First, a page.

Protein Protein Protein – Part 4

By Serene Pearl

Other Articles in the series: Part One | Part Two | Part Three | Part Four

Read more on the Trim Healthy Mama (THM) Facebook page (Australia).

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My last few posts have discussed the pros and cons of protein powders. I hope you didn’t miss the last three posts on this (scroll down our page wall to find them). Another question that comes up – won’t I become overly acidic, and ruin my kidney’s with too much protein?

The rise of the popular low fat /vegetarian diet era in the 1980’s and 90’s informed us that high amounts of dietary protein (especially animal based protein) is dangerous to our kidneys.

Modern research proves this wrong. Protein does not damage healthy kidneys even when consumed in amounts higher than what would be considered normal. It is only people with certain kidney diseases and those with compromised renal function that cannot handle a lot of protein. This is due to their kidneys not functioning properly, not due to the protein itself. Healthy kidneys filter out the waste products of protein metabolism just like they do with slews of other things because is what they were created to do.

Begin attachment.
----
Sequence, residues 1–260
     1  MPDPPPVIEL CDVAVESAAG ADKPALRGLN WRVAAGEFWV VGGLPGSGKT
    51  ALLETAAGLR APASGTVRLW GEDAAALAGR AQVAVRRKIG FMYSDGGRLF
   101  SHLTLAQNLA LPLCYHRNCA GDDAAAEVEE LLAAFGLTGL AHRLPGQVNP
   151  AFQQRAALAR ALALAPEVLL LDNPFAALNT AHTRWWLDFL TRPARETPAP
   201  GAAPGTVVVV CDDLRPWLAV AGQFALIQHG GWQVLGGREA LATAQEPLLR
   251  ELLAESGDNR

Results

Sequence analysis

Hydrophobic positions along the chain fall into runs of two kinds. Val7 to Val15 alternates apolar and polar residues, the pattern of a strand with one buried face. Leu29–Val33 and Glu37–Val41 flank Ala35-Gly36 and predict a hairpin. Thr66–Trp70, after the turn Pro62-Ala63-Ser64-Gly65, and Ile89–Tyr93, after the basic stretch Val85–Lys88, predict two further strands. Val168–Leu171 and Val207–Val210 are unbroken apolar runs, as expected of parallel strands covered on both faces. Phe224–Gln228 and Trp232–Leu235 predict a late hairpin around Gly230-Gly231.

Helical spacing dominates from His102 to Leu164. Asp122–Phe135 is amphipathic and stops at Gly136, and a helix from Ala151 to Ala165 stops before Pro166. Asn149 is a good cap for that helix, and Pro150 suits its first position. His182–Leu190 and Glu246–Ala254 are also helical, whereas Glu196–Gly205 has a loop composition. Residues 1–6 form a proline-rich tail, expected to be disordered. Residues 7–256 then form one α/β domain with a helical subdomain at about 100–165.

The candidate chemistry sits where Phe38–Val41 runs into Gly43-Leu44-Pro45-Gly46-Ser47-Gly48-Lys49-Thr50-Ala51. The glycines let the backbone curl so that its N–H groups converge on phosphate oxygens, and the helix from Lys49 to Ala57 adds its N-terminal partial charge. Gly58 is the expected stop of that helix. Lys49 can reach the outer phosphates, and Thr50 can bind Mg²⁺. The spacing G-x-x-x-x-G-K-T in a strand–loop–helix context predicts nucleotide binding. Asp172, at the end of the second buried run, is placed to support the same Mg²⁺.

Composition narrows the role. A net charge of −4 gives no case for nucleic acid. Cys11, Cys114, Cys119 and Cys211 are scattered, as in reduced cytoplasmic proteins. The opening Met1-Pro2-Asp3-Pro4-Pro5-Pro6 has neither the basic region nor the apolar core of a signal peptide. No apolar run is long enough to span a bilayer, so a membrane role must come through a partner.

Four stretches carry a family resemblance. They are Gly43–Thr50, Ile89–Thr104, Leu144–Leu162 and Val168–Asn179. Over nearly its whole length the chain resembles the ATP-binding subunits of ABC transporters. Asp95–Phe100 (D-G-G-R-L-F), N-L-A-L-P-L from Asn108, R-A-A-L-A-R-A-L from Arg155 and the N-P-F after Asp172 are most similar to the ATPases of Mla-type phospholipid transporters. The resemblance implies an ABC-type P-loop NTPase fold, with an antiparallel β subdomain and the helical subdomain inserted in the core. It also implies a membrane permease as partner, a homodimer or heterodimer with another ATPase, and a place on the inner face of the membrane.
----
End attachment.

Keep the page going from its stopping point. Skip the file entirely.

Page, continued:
Saying that protein is bad for your kidney’s is like saying eggs, peanuts or healthy sprouted grain bread are bad for every healthy individual just because those allergic to these foods may have severe reactions to them.


A Recent study revealed that when bodybuilders consumed up to 1.3 grams of protein per pound of body weight, kidney function was not impaired. (Poortmans and Dellalieux 2000). Dr. Clay Hyght a Doctor of Chiropractic and health and fitness expert backs this up with his personal experience. He is a big guy who works out hard with lots of muscle. He lives on a diet where he consumes 375 grams of protein a day – an enormous amount! In a transcribed radio interview, he talks about how his kidneys are in perfect condition after many years eating this way.

In an older study conducted with female rats kidney function actually seemed to be improved with a high protein diet. (Sterck et al. 1992).Other studies showed protein intakes even up to 1.27 grams per pound of body weight did not cause kidney damage.